• Privacy board shares findings with Obama

    WASHINGTON (AP) — The independent oversight board reviewing the U.S. government's surveillance programs briefed President Barack Obama this week on recommendations and key sections of its upcoming report, the task force's chairman said Friday.

  • **FILE** Demonstrators protest outside of the U.S. Capitol in Washington during a rally to demand that the U.S. Congress investigate the National Security Agency's mass surveillance programs Saturday, Oct. 26, 2013. (AP Photo/Jose Luis Magana)

    Privacy board springs to life after NSA revelations

    A small federal panel that oversees privacy issues has been catapulted from a bureaucratic backwater into the political maelstrom roiled by leaks about the National Security Agency's domestic snooping.

  • U.S. President Obama. (Associated Press)

    Obama meets with privacy watchdog panel ... in private

    The White House over the past several days has launched a public relations offensive to convince Americans that, under President Obama's leadership, privacy and Fourth Amendment rights won't be sacrificed in the name of national security.

  • ** FILE ** President Obama talks about national security on Thursday, May 23, 2013, at the National Defense University at Fort McNair in Washington. Declaring America at a "crossroads" in the fight against terrorism, the president revealed clearer guidelines for the use of deadly drone strikes, including more control by the U.S. military, while leaving key details of the controversial program secret. (Associated Press)

    As surveillance scandals swirl, Obama to sit down with privacy board

    With concerns over federal surveillance near the boiling point, President Obama on Friday will hold his first meeting with the newly constituted Privacy and Civil Liberties Oversight Board, a senior administration official said.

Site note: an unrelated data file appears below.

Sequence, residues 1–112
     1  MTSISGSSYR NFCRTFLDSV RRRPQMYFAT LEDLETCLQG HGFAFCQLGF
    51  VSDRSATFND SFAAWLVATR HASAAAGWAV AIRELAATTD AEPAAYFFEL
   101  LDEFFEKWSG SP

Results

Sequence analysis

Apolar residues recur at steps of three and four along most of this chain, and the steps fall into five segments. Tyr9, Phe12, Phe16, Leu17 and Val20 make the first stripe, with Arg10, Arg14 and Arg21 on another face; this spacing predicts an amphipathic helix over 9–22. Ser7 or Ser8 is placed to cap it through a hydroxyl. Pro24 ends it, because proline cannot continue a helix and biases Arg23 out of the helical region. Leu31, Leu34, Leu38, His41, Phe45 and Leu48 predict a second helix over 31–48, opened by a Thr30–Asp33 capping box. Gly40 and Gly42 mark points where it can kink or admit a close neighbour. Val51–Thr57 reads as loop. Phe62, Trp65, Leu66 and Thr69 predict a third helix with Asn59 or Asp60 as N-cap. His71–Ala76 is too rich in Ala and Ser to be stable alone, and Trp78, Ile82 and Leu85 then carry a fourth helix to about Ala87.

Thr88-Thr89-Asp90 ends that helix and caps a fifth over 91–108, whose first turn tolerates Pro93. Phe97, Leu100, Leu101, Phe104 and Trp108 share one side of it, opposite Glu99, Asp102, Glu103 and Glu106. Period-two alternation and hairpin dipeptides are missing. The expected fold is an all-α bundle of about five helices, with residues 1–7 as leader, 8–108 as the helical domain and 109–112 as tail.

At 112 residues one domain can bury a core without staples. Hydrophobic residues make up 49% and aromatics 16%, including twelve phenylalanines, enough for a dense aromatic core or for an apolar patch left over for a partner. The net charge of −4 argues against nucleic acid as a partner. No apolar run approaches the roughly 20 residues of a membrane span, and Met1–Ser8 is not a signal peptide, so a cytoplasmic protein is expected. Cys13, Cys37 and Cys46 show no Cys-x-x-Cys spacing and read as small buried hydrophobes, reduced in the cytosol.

• **FILE** President Obama pauses during a statement on the fiscal cliff negotiations with congressional leaders in the briefing room of the White House on Dec. 28, 2012. (Associated Press)

    Dormant liberties agency awakens to tasks

    A presidentially appointed panel charged with ensuring federal laws don't impede Americans' civil liberties has nothing to show for itself in recent years, failing to meet even once during a five-year span because vacancies had left the board dormant for so long.

  • President Barack Obama gestures during a news conference, Thursday, Dec. 8, 2011, in the White House briefing room in Washington. (AP Photo/Carolyn Kaster)

    Obama fills vacancies on independent privacy board

    President Obama has named two lawyers and a former federal judge to an independent privacy board recommended by the 9/11 Commission that has sat dormant for years under he and President George W. Bush.

  • ** FILE ** Lee H. Hamilton, former Democractic congressman from Indiana and vice chairman of the 9/11 Commission. (AP Photo/J. Scott Applewhite)

    9/11 privacy board fails to meet

    An independent oversight board recommended by the 9/11 Commission to ensure that national security policies do not infringe on Americans' civil liberties has remained dormant for years, raising concerns among watchdogs that a crucial Constitution safeguard does not exist.

  • Illustration: Rubber stamp by Greg Groesch for The Washington Times

    BOVARD: Abolish the phony privacy board

    President Obama has failed to make any appointments to the Privacy and Civil Liberties Oversight Board. This board epitomizes the charades Washington has played since Sept, 11, 2001. Instead of stocking the board with the usual suspects, it would be far better to abolish it.